Ron Rivera is 'for celebrations' yet supports taunting rule


No one on the Washington Football Team has been harmed by any controversial taunting penalties in the early portion of the 2021 season, but plenty of other NFL players have already gotten flagged for post-play acts that don't seem that bad to those watching the action.

With that in mind, Ron Rivera was asked on Tuesday if he's using the missteps of others as teaching lessons for those on his roster. After quickly acknowledging that yes, he is continuing to remind his guys to be smart, Washington's head coach proceeded to open up about the issue that the league is currently monitoring very closely. 

"The idea behind the taunting rule is to prevent the bigger things," said Rivera, who is a part of the NFL's Competition Committee that is responsible for the added emphasis on taunting.

To Rivera, it's always pretty simple (he touched on this same topic last month): You can do what you want following a clutch first down or an important forced turnover as long as you don't do it at the expense of your opponent. In no way does he all of the sudden expect the sport's stars to transform into mutes or anything absurd along those lines. 

In fact, his best year in Carolina featured all sorts of histrionics and he enjoyed that experience quite a bit.

"I'm all for celebrations, Rivera said. "Remember, we were the 2015 team that everybody was mad at 'cause we were dabbing and stuff like that, taking pictures on the sideline. You want these guys to keep their personality, you want them to be who they are because these guys are explosive players who make dynamic plays.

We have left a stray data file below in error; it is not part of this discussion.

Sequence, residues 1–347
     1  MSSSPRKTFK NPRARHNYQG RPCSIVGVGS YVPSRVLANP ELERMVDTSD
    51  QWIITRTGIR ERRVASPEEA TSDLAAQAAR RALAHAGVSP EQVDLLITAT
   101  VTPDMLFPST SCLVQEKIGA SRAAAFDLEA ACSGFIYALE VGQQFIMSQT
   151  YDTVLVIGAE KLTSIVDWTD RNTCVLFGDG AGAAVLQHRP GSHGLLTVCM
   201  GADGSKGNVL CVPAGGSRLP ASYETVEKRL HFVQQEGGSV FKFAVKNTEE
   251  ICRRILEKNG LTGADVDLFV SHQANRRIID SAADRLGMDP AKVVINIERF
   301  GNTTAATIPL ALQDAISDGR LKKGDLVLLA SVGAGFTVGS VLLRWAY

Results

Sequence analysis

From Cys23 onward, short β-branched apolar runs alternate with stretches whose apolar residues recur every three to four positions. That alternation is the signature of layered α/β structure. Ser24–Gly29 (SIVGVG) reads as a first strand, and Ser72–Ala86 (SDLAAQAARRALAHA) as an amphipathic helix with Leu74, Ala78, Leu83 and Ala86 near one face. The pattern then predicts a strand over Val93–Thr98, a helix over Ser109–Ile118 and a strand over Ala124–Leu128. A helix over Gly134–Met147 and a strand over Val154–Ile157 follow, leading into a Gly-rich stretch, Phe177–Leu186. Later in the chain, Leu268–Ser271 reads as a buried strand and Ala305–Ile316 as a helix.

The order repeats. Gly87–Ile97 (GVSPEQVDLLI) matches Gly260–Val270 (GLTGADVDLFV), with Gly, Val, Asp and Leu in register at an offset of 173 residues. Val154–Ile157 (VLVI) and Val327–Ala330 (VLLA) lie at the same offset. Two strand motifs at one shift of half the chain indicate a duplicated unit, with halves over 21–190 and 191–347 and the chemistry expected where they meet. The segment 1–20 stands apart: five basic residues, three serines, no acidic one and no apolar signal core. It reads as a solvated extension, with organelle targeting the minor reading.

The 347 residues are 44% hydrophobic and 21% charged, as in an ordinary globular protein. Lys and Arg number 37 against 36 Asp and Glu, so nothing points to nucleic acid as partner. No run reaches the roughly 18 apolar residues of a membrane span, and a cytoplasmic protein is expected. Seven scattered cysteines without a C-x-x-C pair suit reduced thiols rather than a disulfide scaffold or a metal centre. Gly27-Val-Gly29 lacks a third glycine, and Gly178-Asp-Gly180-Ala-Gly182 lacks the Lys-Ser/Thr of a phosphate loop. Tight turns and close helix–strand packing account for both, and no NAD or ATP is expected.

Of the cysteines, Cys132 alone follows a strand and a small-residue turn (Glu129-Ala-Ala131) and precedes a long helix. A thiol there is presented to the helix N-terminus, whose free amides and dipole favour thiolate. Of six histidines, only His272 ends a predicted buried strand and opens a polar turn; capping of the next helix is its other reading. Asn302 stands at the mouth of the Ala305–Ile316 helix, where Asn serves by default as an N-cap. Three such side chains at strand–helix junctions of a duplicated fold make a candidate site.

"The intent is so that somebody doesn't do something that gets somebody to come back with a little retribution. You don't want that. You don't want somebody out there for revenge."

Now, what's perturbing football fans and many, many squads is that a handful of the flags that have been assessed feel beyond stingy.

It's one thing to want to avoid ugly brawls, but when a tight end, for example, spins a ball that happens to land near a defensive back's feet but clearly wasn't meant to be insulting and still gets penalized, that's unreasonable. One member of the Chicago Bears even told reporters that he's unsure "if he can be happy" after he was whistled for taunting in Week 2.

Rivera didn't get into those murky instances on Tuesday. Instead, he just reiterated the necessity of not showing up someone on the other side when you're fired up about your own performance.

"Get up and do your ball drop, do your dab or your dance or whatever, but don't do it toward somebody," he said. "Don't step over somebody and drag your leg over somebody. That's what we're trying to prevent."

As mentioned, Washington has stayed within the rules through two contests. Should that change, it'll be intriguing to see if Rivera's stance does as well.